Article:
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Talent management tops the list of CFO concerns, so the results of an analytics study of attrition drivers at Deloitte in the US hold useful lessons, reckons Cesar Bacani

This article was first published in the January 2014 China edition of Accounting and Business magazine. 

We hear so much about analytics as a concept these days – but not so much on how it is applied in the business. So it was very interesting to me to read about how Deloitte, the world’s second largest accounting firm by revenue, has been deploying analytics.  

Deloitte’s US practice is trying to understand the dynamics of attrition among its more than 61,000 partners, principals and staff. Last year, it analysed extensive time-series-based HR data that included information about age, gender, travel expenses, timesheets and project financials. It also looked at market-related information such as the unemployment rate and gross domestic product change in the US.

Writing in Human Resource Executive Online, Deloitte US consultants Amel Arhab, John Houston, Vishwa Kolla and John Lucker discussed some of the drivers that they discovered motivate finance professionals and other specialists at the accountancy firm:

  • Those who did not travel or had a disproportionately lower level of travel than their peers tended to leave Deloitte.
  • Those who took all of their paid leave tended to stay on, compared with peers who did not take time off or whose responsibilities made it difficult to do so.
  • Those who frequently worked with teams comprising members regarded as star performers tended to leave at a higher rate than those not so frequently assigned.
  • Those who blogged regularly and/or participated actively in social media networks exhibited lower attrition rates.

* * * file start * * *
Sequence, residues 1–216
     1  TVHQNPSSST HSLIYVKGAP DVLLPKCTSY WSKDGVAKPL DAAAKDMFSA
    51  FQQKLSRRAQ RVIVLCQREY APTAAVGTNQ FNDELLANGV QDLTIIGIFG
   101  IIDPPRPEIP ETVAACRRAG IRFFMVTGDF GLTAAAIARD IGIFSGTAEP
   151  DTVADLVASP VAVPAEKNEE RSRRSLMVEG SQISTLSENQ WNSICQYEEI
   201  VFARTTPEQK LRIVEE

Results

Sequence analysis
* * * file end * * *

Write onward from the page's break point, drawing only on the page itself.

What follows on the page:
These patterns are particular to Deloitte in the US, of course, but the correlations are suggestive. It is not inconceivable for finance professionals in other accountancy firms to respond in similar ways.

The findings should help managers ‘identify actionable insights among complex patterns,’ write the Deloitte consultants, ‘patterns related to individualised employee attrition and other factors that allow for proactive actions to avoid the loss of the most valued team members.’

At Deloitte in the US today, employees who travel on business extensively but do not take much vacation time will have their travel and project schedules modified. ‘Similarly, when employees reach a certain time threshold at their current positions, rotation and training programmes would be triggered and redeployment strategies initiated,’ the authors report.

Other actions that can be taken include slowing down the work pace of a mid-tenure employee assigned to high-burn projects that require a lot of travel, encouraging employees on high-burn projects to take more time off between assignments, and assigning lower tenured employees to projects that involve travel.

What if the employee is underperforming? Some in Deloitte who were flagged as likely to leave had been rated at the lower end of the performance axis. In these cases, wrote the consultants, no action was taken, although they didn’t say whether the underperforming employees eventually left of their own accord.

For those star performers the company wants to retain, the consultants stressed the importance of communicating the reasons for any intervention. If changes to schedules and assignments are not explained clearly, this could send the wrong signals – that the company has lost trust in the employee, for example.

That’s all to the good. The cost of attrition has been estimated to range from 50% to 200% of an employee’s annual salary, from costs to recruit, training of new hires and productivity losses to intangibles such as employee morale and reputational issues.

It would seem that the resources Deloitte dedicated to its workforce analytics study would easily pay for itself if the attrition rate is indeed brought down.

Cesar Bacani is editor-in-chief of CFO Innovation

Last updated: 10 Jan 2014